Abnormal Psych Case study Ch. 6 Major depressive disorder

Download 41.41 Kb.
Size41.41 Kb.
Abnormal Psych Case study

Ch. 6 Major depressive disorder


  • Adam doesn’t sleep, wakes Janet up

  • Janet depressed since husband left, 2hrs brooding, depressed

  • Blamed self for divorce, blame was vague and illogical

  • Failure in marriage = failure in life

Social History

  • Reversed as a kid

  • Rushed into David to fill vacuum of old BF

  • Strain when she went back into college

  • 1 month prior she lost interest in activates and had no friends

  • Depressed, anxious

Etiological Considerations

  • Freud/Psychoanalytic – link between comparison between depression and bereavement with disturbance of self-regard

  • Consistence with Janet’s situation, her dependence on men due to her separation and divorce from David

  • Stressful Life events play a causal role in the etiology of depression, bidirectional

  • Only if consequences were sever and long-term for women’s well being

  • Consistent with Janet

  • Social-learning theorists emphasize the importance of interpersonal relationships and skills

  • Other consideration is that some respond is passive, ruminative manner which leads to longer depression

Conceptualization and Treatment

  • Depression started with divorce which ruined her interpersonal relationships

  • Improve mood by developing new relationships and develop skills to be better parent

  • Had not engaged with many leisure activities

  • Concentrate on assessment of her interactions with other people (initiating a conversation, maintaining it, basic social skills)

  • Mood improved as she found a part-time job at riding stable

  • Worsening of finical situation lead to thoughts of suicide but did not want to die

  • Then started taking Prozac, an antidepressant and increase frequency of appointments

  • Problem solving and social skill improvement lead to better social life, got help from father.

  • Adam’s manipulative behaviour due to inconstancy, she then just tucked him into bed each time and left

Chapter 7 Bipolar Disorder

George Lawler

  • During college was losing interest in everything, depressed ant took antidepressant meds and counseling

  • Could cram without amphetamines (hypomanic episodes of increased energy that does not lead to mania, this was not pathological)

  • Symptoms of depression as well, sever symptoms as he was almost completely unresponsive, speak in monotone

  • Takes small things and blows them out of proportion, assistant coach leaving and he thinks he’s responsible

  • Threatened suicide and was given an appointment were he got Lithium carbonate

  • Past history of manic like behaviour and his positive family history of bipolar lead to bipolar disorder being diagnosed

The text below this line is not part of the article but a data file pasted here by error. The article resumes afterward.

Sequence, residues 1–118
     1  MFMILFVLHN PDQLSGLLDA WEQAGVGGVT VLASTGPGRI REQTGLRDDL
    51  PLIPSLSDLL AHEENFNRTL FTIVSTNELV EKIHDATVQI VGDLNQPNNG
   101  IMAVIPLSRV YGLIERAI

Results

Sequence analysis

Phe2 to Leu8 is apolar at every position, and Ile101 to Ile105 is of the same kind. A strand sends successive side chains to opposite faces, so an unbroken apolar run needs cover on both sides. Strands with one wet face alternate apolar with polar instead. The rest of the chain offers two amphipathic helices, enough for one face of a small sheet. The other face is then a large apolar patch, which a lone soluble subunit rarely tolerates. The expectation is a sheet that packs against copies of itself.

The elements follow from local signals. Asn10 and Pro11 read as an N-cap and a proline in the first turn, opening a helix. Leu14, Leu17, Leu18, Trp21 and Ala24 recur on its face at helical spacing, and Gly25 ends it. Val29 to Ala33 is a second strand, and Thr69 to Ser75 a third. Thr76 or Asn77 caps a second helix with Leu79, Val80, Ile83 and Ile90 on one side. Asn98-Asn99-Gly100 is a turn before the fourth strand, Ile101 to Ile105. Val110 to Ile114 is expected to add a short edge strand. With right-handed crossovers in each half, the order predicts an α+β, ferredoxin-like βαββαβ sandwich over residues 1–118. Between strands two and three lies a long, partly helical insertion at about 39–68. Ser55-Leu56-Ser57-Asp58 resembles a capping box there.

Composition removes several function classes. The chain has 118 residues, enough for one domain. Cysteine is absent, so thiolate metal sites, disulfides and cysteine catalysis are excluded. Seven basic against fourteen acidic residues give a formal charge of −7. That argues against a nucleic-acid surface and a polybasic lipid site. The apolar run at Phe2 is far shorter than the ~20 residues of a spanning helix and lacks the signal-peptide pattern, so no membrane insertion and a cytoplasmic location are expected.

• Leads team with sword during a manic episode, did not return home after and rambled to a reporter for 3 hours, talks about having an affair

  • Director and George have an argument, G says he’s head of Olympic track team

Social History

  • Uncle had acute schizophrenic reaction

Etiological Considerations

  • Relatives of unipolar depressives are at increased risk for unipolar depression

  • Various experiences throughout the person’s life must also influence the onset of expression of psychotic symptoms as well as the course of the disorder

  • George may have been due to competitive nature of his university environment

  • Emotional atmosphere within a family related to the patients social function over the course of the disorder

  • Wife attributed mania behaviour to intent on his part

Conceptualization and Treatment

  • Given haloperidol, an antipsychotic but did not take it

  • Had therapeutic activities and visits from family

  • Had a manic episode during his time in hospital, extremely difficult during first few days.

  • Symptoms weakened over 2 weeks and was aware of his disorder

  • Wife leaves George after 6 months, has difficult believing what he said about affair was just product of mania

Chapter 15 Eating Disorder: Anorexia Nervosa

  • Joan struggled with eating disorder, treated at hospital

Social History

  • Slightly overweight as kid, perfectionist

  • Brother dies when she was supposed to be looking over him, parents become very worried about her safety

  • Used Randy to escape home, got over 200 pounds during pregnancy

  • Moved back after divorce and was in a very submissive role at home

  • Had surgery on knee which lead to her weight going down to 110

  • Met jack where she became a heavy drinker, moved back home after 2 months

Onset of Eating Disorder

  • Began dieting to get around 100 pounds, took laxatives

  • Focused on what others wanted out of her not what she wanted

  • Periods stops, hair was unhealthy

  • Viewed her symptoms as a sign of strength

  • Charlie’s diet was also restricted, rarely visits grocery store and ate what was in shopping cart and rarely bought anything

  • Cycles back and forth between healthy and unhealthy eating patterns

  • Engaged in binge eating


  • Hormones and neurotransmitters

  • Moderate rates of heritability

  • May be due to physical, emotional and cog changes during adolescence

  • Family factors not a role

  • Childhood involving social discomfort, anxiety and insecure attachments

  • Adults have no significant attachments

  • Cultural attitudes and standards play important role in development of anorexia

  • Emphasized thinness

  • Role of media has contradictory evidence, peer pressure is more of a factor as well as sociocultural pressures

  • Sexual issues are not necessarily the central problem, abuse not predictive

  • May have been created to flee famine


  • Privileges were given for meeting calorie goals

  • Experienced constipation